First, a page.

Interview by Tonia Trotter
Photos by Ambre Amari
As the President and CEO of Vulcan Park & Museum for nearly two decades, Darlene Negrotto has forged her presence as one of our city’s beloved civic leaders. Darlene is focused on cultivating a greater sense of hometown pride and an expanded knowledge of our city’s history for Vulcan Park’s local visitors, as well as bolstering support and excitement for our community at large.
So many organizations took a hit last year because of COVID. You recognized opportunities and have been resilient even when budgets were cut. How was Vulcan Park & Museum affected?
Like many organizations, we were closed — as far as our operations, but the park grounds stayed open. It was really important to us to provide a place of peace and fresh air and for families to be able to let their kids run around and blow off some steam. We also had access to Vulcan Trail which has stayed open throughout the pandemic. We were able to keep our staff out and active — overseeing the grounds and opening the gates in the morning.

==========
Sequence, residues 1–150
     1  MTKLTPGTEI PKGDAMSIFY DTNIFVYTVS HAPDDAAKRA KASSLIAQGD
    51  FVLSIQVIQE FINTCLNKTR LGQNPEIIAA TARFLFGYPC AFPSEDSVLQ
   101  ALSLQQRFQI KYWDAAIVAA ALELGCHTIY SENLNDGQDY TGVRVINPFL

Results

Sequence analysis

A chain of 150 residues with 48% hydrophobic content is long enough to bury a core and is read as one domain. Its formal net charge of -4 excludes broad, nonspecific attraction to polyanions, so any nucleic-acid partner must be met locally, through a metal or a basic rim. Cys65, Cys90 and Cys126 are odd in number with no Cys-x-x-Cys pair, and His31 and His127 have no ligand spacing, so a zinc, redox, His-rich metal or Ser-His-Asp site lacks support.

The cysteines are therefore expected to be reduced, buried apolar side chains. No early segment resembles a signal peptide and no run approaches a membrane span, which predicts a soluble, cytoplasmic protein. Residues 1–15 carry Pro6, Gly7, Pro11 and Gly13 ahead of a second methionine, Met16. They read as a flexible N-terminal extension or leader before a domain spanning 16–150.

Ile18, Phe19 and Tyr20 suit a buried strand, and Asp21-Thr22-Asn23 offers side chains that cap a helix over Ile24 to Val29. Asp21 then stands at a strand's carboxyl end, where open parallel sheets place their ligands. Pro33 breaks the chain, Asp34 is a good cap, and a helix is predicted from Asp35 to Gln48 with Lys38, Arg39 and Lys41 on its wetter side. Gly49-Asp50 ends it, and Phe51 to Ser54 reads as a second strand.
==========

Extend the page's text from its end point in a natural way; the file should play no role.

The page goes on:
The pandemic definitely affected our earned income — which is about 50% of our total financial need. City funding is typically 20%, but it was cut in half last year with the rest of the city-owned institutions. We are owned by the city, but we are run by a nonprofit. We receive funding from corporations and municipalities, individual donors, and through our memberships.
Vulcan and the City of Birmingham have a unique partnership. How does that work?